Lawmakers are on the verge of sending a measure to Gov. Jerry Brown that will tap the state's general fund to pay nearly $21 million for legal settlements of two automobile accidents involving state workers.
Normally, the money would come from an obscure state self-insurance fund maintained with contributions from departments. But the two lawsuit settlements, and a third multi-million dollar payout earlier this year, would strain the Motor Vehicle Insurance Account. The fund averages about $38 million in payouts each year against $45 million it takes in from premiums.
Assembly Bill 234 has cleared the lower chamber and is now poised for a Senate floor vote. It would pay $15 million to the two daughters of a man killed on a San Bernardino freeway last year after he was rear-ended by a CalFire employee driving 70 mph in a state vehicle. Most of the money will be placed in trusts for the man's two daughters, who were ages 4 and 7 when he died.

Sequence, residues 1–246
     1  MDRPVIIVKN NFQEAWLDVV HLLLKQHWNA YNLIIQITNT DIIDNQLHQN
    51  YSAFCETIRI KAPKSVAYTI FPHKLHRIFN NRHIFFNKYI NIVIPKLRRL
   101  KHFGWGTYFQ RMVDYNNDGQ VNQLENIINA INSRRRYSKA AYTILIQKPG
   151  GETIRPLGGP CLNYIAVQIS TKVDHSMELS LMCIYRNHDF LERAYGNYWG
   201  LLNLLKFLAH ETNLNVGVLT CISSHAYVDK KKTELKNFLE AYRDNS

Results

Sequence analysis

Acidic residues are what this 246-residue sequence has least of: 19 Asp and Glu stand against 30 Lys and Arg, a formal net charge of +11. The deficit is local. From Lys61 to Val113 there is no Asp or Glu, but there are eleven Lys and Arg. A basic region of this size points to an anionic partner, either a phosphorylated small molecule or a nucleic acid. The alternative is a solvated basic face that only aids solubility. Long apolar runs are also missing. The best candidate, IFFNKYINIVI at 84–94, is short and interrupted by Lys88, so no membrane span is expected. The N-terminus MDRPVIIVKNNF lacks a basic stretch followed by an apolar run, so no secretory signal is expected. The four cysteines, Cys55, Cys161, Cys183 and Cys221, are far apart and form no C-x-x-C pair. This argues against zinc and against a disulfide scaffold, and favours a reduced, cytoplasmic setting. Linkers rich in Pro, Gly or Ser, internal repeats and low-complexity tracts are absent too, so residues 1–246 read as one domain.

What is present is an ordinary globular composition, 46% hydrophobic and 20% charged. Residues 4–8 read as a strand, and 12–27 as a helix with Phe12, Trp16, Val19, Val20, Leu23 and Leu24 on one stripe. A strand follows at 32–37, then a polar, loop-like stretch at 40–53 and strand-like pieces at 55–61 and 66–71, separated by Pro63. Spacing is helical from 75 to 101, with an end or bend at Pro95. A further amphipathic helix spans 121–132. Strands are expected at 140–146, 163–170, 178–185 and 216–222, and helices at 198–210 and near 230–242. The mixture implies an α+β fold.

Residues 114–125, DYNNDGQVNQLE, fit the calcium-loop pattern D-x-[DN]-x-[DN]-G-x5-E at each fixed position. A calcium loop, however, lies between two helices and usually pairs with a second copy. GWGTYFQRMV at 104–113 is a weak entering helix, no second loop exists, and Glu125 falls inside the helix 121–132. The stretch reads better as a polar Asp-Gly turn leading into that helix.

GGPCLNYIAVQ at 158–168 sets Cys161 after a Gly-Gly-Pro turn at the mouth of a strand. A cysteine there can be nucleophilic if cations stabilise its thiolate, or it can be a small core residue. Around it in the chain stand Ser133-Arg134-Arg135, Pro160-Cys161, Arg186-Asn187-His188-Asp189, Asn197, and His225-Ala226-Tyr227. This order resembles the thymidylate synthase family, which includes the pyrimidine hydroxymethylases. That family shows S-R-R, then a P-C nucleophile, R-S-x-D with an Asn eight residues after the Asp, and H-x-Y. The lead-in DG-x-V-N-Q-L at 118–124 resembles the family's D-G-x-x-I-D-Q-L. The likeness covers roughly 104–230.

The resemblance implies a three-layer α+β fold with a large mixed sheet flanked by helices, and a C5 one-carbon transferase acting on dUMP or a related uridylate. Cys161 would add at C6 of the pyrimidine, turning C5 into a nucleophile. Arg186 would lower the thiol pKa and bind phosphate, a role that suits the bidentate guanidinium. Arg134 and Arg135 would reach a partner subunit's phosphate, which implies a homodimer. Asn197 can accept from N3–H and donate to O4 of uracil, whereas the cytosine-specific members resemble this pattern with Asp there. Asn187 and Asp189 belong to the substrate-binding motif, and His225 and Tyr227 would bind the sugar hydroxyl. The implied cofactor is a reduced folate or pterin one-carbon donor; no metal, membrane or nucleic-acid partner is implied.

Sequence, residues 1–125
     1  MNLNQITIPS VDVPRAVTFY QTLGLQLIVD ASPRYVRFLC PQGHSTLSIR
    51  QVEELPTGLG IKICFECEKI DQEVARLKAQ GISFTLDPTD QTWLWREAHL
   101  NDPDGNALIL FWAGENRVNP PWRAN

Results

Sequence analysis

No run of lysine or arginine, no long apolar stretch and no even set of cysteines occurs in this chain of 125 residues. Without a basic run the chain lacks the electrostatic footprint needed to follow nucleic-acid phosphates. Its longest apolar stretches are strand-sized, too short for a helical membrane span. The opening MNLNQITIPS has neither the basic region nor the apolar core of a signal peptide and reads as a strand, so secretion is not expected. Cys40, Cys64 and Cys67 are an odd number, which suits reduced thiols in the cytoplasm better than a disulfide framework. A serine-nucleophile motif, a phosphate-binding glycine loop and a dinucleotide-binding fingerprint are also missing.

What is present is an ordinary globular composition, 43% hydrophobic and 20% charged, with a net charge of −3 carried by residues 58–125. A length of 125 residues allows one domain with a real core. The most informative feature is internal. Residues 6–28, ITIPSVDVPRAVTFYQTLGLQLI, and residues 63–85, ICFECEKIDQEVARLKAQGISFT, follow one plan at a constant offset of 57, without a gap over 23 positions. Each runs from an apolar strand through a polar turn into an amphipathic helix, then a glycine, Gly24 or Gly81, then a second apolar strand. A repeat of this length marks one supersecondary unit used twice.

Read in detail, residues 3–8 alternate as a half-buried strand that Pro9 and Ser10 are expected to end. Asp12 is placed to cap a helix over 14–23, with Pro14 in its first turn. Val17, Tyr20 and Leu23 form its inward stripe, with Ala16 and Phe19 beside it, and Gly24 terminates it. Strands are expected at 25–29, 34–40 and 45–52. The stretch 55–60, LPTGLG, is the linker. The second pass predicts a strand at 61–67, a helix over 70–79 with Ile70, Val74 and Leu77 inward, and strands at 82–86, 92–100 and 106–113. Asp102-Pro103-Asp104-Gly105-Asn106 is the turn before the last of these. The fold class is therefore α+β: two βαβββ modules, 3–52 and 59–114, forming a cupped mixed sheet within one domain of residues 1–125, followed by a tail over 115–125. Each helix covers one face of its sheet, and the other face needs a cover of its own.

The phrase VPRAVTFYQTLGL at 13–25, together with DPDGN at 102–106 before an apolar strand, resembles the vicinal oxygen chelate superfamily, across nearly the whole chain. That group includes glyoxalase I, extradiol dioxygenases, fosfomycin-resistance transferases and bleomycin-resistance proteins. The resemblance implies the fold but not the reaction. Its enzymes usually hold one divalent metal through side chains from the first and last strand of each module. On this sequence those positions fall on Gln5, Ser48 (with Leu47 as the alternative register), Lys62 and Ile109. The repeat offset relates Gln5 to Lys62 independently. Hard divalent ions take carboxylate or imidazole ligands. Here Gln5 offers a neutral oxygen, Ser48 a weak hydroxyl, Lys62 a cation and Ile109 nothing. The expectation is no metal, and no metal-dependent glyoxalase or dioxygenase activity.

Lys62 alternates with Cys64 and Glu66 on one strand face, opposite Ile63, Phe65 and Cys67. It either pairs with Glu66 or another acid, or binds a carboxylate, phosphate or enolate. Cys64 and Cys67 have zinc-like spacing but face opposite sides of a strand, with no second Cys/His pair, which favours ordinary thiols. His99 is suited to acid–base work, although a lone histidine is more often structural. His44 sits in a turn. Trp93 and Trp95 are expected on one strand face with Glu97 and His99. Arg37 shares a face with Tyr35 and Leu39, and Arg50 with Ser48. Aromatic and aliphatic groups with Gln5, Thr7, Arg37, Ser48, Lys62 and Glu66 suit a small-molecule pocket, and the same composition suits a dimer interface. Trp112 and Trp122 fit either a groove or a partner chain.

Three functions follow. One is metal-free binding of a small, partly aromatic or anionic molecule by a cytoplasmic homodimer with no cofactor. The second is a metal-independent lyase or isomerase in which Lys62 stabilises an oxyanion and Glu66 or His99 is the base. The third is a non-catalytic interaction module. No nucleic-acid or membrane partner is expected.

The balance of the money in AB 234 covers a personal injury settlement with a motorcyclist who collided with a state car driven by a Department of Public Health employee on a San Leandro street. The motorcyclist was left paralyzed from the chest down as a result of the 2011 accident.
A mediator found that both parties were equally at fault: The state employee failed to yield to an oncoming driver. The motorcyclist was speeding. State attorneys negotiated a $5.75 million settlement, with 40 percent of the money earmarked to buy an annuity that will pay for the injured man's medical care.
Taken with a $15.6 million payout a few months ago, the state has settled three cases totaling more than $36 million. Paying the money from the state insurance account would threaten its viability, according to the bill analysis, so lawmakers are dipping into the general fund to pay the bills.
It's not an unusual move for big-ticket settlements, but the number and size of them this year is unusual, according to the bill's analyses.